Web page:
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Why Darwin Matters

Bicentennial celebration honors enduring theories of evolution


In the slide show above, Thomas Glick, a College of Arts and Sciencesprofessor of history and cochair of the Greater Boston DarwinBicentennial committee, discusses Charles Darwin and his theory ofevolution and its enduring relevance.

Before Charles Darwin published his seminal 1859 book On the Origin of Species, he’d spent more than a decade testing his theories to make sure they’d stand up. The fact that biologists and historians agree that his theories have withstood the test of time is certainly reason for celebrating Darwin’s 200th birthday.

And what better way to celebrate the 19th-century British naturalist’s big 2-0-0 than with a cake-eating contest?

Survival of the fittest was the theme at BU’s birthday bash on February 11, as participants devoured cake provided by students in the Metropolitan College Gastronomy Program. The party, which kicked off a year’s worth of Darwin-related events on campus and beyond, also featured improv entertainment by Liquid Fun and music by the Missing Links.

Behind the celebration is the Greater Boston Darwin Bicentennial, a committee sponsored by the BU provost’s office working in conjunction with other area universities to encourage and coordinate Darwin-related events. These include musical and theatrical performances at the College of Fine Arts and colloquia at the Schools of Medicine and Law. A full event calendar is available on the committee’s Web site.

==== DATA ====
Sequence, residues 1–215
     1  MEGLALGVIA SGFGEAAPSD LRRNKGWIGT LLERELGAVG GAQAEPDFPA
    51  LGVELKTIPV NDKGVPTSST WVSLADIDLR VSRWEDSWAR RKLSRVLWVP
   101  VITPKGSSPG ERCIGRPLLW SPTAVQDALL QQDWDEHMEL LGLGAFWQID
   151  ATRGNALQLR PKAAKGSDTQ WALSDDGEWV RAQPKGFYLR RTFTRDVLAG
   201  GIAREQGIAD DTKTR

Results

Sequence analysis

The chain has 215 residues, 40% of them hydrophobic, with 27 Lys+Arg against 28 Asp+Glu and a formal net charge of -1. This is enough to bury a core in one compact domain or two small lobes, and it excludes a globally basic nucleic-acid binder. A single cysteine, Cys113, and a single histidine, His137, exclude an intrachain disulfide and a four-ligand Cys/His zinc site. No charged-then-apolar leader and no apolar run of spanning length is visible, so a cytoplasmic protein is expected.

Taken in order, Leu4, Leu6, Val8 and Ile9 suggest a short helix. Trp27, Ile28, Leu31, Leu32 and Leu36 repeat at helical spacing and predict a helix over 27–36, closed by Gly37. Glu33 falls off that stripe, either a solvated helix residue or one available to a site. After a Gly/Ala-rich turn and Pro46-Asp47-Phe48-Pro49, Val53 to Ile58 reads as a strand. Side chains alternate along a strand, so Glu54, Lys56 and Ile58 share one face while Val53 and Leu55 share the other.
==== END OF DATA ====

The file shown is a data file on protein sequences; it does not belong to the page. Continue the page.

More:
Committee member Rebecca Kinraide, a lecturer in the CAS Writing Program, says the bicentennial is an ideal opportunity to acknowledge and respect the ways in which we are all beneficiaries of Darwin’s work.

“It is rare that one person or event is so relevant to so many different disciplines and departments and even more rare that the coordination is exerted to take advantage of such a fortuitous event,” Kinraide says. “Everything from the genetically modified foods in the grocery store to the latest attempt to treat drug-resistant tuberculosis depends on our understanding of the laws of variation, inheritance, and natural selection.”

Kinraide says the events on offer are so wide-ranging that a student could conceivably devote the next year to studying Darwin.

“Theoretically,” she says, “a student could take only Darwin-related classes in 2009, attend Darwin-related theatrical performances, participate in a Darwin art competition, eat cake on Darwin’s birthday, and attend a Darwin lecture or colloquium nearly every week.”

Click here for a full calendar of events celebrating the 200th anniversary of Charles Darwin.

Edward A. Brown can be reached at ebrown@bu.edu.

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